The Point Newsletter

    Sed ut perspiciatis unde omnis iste natus error.

    Follow Point

    Begin typing your search above and press return to search. Press Esc to cancel.
      /  Education   /  A crime called linguistic assimilation

    A crime called linguistic assimilation

    Written by: Sattar Azizi

    The policy of language assimilation, that is, adopting a strategy that all ethnic groups and linguistic groups in the country speak and write in only one language, is a manifestation of chauvinism: even though , this policy may be carried out with the motive of preserving national unity and solidarity.

    During the Pahlavi era, Reza Khan, influenced by the thoughts of some so-called Western intellectuals, most of whom had studied in France, followed the policy of denying the right of ethnic languages, and Mohammad Reza Shah subsequently followed these policies. After the Islamic revolution, fortunately, some openings have been made in this connection, and many books were published in ethnic languages, and some magazines and publications were also published in non-Persian languages. And even according to article 15 of the Iranian Constitution, the teaching of literature in ethnic languages along with Persian was open as an idea to be developed in schools.

    Unfortunately, some people have developed wrong interpretations about this article. Some dignitaries, who have even held the position of representative of the Islamic Council, declare that Article 15 does not mean teaching the mother tongue, but it means the freedom to learn the language of ethnicity at home! Honestly, I don’t know where to find a more strange interpretation than this. Principle 15 is as follows: “The official language and script of Iran, the lingua franca of its people, is Persian. Official documents, correspondence, and texts, as well as text-books, must be in this language and script. However, the use of regional and tribal languages in the press and mass media, as well as for teaching of their literature in schools, is allowed in addition to Persian.’’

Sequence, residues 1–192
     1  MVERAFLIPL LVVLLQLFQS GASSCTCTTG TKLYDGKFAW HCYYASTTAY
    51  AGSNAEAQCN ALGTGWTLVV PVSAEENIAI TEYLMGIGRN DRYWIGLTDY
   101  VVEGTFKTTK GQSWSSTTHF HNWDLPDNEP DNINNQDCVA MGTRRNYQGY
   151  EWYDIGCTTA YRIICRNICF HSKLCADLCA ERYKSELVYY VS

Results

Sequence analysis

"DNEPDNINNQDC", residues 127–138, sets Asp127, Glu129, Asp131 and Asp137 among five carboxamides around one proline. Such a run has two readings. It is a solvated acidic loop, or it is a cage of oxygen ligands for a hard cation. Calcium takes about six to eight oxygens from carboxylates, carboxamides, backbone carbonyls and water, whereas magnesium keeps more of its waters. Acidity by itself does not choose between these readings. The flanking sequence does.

Regardless of strange interpretations, another group also interprets the expression of the freedom to teach the literature of local and ethnic languages ​​to mean that the government has no obligation regarding the teaching of ethnic languages, but that the ethnic groups are free to teach their mother tongue at their own expense. This interpretation is also not acceptable. Furthermore, in Article 15, there is reference to teaching ethnic minority literature in schools, not in private educational institutions. As a result, in any school where Persian language and literature are taught, the ethnic groups living in that area have the right to have their language taught. The government is also obliged to provide the necessary hardware and software facilities, including the training of teachers and the preparation of necessary textbooks.

    Government policies in regard to the language and culture of ethnic groups can be counted in five areas, which are “Elimination”, “Assimilation”, “Tolerance”, “Protection” and ‘’Promotion’’. There is no doubt that the policy of eliminating and exterminating minority groups is unacceptable and the perpetrators of this policy will have individual criminal responsibility according to international law.

    Implementation of assimilation policy is also not accepted in current international law. When writing the Article 27 of the Covenant on Civil and Political Rights, most of the governments were in favor of developing an approach to tolerate the existence of minority and ethnic groups in their country.

    In this regard, the committee even finds it necessary to try to promote and develop the identity of minorities and adds: “Although the rights protected under article 27 are individual rights, they depend in turn on the ability of the minority group to maintain its culture, language or religion. Accordingly, positive measures by States may also be necessary to protect the identity of a minority and the rights of its members to enjoy and develop their culture and language and to practice their religion, in community with the other members of the group’’.

    In 2012, the European Court of Human Rights condemned one of the member states for not respecting the rights of minorities and stated: “The existence of minorities and different cultures in a country is a historical fact that every democratic society must tolerate, and even according to the principles of international law, they must support and protect.’’

    source: End of Monolingualism